– user991
    Sep 11, 2015 at 22:11

2 Answers 2


The scenario you're facing is well-known in cryptography. You can't afford expanding the message at all (maybe by some IV). So you can't get strong authentication but have to rely on what is called poor man's authentication, you rely on tampering causing random messages.

Please note that all of the following modes are somewhat block-based, meaning you'd have to use padding (like PKCS#7) to ensure correctness of the data and you have to actually check the padding to protect against POODLE style attacks.

The exact same scenario is given in the full-disk-encryption (FDE) scenario. This gives you four options, plus those added by other answers.

  • $\begingroup$ Thanks for your informative answer. I have one main concern - it doesn't address the fact that many messages will be less than a block long. $\endgroup$
    – Nayuki
    Sep 11, 2015 at 19:40
  • $\begingroup$ I have a few comments as well - the source code for the to-be-designed algorithm will become public, so no "security by obscurity" is permitted. This also means that EME and patents are a no-go either. And finally, IIRC PCBC is still malleable because if you flip the same bit position on two ciphertext blocks, the decryption error will be healed thereafter, right? (Thus prefering something like IGE instead.) $\endgroup$
    – Nayuki
    Sep 11, 2015 at 19:41
  • $\begingroup$ @NayukiMinase The issue of the message length should be solvable by standard padding mechanisms like PKCS#7. And you seem to be right about that PCBC thing. And please note: None of the proposed methods is security by obscurity, EME has a security proof, the AONTs have security proofs (at least some) meaning you can only recover the correct original message if you're given the correct cipher text and XTS is widely believed to be secure (and may also have some proof I don't know). $\endgroup$
    – SEJPM
    Sep 11, 2015 at 19:56
  • 1
    $\begingroup$ Well, what I mean by "security by obscurity" is a warning that any custom scheme you or I might propose will be subject to public scrutiny. I'm not criticizing any existing published schemes out there. It looks like PCBC is vulnerable to block swapping. Now I'm leaning towards an algorithm of AONT preprocessing + stream cipher. $\endgroup$
    – Nayuki
    Sep 11, 2015 at 20:52
  • $\begingroup$ I believe the patent for EME2 has been withdrawn. $\endgroup$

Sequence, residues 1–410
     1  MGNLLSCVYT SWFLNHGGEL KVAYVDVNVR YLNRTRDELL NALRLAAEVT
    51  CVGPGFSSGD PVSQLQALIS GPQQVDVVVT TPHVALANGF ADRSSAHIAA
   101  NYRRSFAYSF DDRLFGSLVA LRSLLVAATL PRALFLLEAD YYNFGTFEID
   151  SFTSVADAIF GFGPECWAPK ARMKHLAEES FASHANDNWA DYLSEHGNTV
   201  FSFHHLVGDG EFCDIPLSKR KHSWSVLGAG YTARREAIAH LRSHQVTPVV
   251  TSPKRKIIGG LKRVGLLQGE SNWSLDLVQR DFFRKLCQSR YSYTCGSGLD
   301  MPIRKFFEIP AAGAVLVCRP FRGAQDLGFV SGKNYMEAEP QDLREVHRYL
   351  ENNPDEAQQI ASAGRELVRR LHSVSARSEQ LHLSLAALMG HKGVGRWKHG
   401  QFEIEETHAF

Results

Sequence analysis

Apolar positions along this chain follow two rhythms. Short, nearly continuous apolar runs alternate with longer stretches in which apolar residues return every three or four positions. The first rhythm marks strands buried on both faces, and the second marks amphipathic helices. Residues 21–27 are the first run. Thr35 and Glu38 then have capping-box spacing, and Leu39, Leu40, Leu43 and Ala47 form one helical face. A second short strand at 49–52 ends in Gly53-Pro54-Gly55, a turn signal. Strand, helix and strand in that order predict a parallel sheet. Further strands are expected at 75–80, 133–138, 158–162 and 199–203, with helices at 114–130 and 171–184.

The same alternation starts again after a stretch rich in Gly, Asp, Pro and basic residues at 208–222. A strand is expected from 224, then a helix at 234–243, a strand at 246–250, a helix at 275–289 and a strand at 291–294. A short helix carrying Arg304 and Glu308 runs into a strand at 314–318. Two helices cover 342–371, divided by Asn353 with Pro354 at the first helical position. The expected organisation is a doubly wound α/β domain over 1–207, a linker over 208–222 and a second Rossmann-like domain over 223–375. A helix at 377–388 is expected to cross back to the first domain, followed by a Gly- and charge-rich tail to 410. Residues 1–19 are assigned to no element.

– forest
    May 8, 2019 at 6:41

Let pair be an efficiently computable, efficiently-invertible pairing function.
For example, ​ ​ ​ pair(x,y) ​ = ​ prefixfree(x) || y ​ ​ ​ and
pair(x,y) ​ ​ ​ = ​ ​ ​ if ​ length(y) < length(x) ​ then ​ 1 || prefixfree(y) || x ​ else ​ 0 || prefixfree(x) || y
each define such functions.

Use format-preserving encryption, via ​ Enc(k,tweak,m) = FPEenc(PRF(k,pair(tweak,length(m))),m)
and ​ Dec(k,tweak,c) = FPEdec(PRF(k,pair(tweak,length(c))),c) .
I believe the FPE schemes that are the-best-known for some input lengths are

the sometimes-recurse shuffle
possibly-generalized Feistel networks

in order from short inputs to long inputs. ​ The message-lengths and the number
of queries might be such that you can just do Feistel and ignore the other three.

  • 2
    $\begingroup$ Sorry, I have trouble understanding what you're trying to say... The formatting of your text isn't helping. $\endgroup$
    – Nayuki
    Sep 11, 2015 at 20:48
  • $\begingroup$ This is a screenshot of my answer. ​ Is it rendering differently for you? ​ ​ ​ ​ $\endgroup$
    – user991
    Sep 11, 2015 at 20:56
  • $\begingroup$ It renders the same for me. I guess it's the extra spaces and the lack of list bullet points that made me think something was weird. $\endgroup$
    – Nayuki
    Sep 11, 2015 at 20:59
  • 2
    $\begingroup$ FYI, this is how your post looks to me. Not that it's much worse, but you really need to open your mind to the fact that your visual formatting does not look the same for everyone. You should use normal spaces and line breaks, that would make your posts much more readable. $\endgroup$ Sep 11, 2015 at 22:41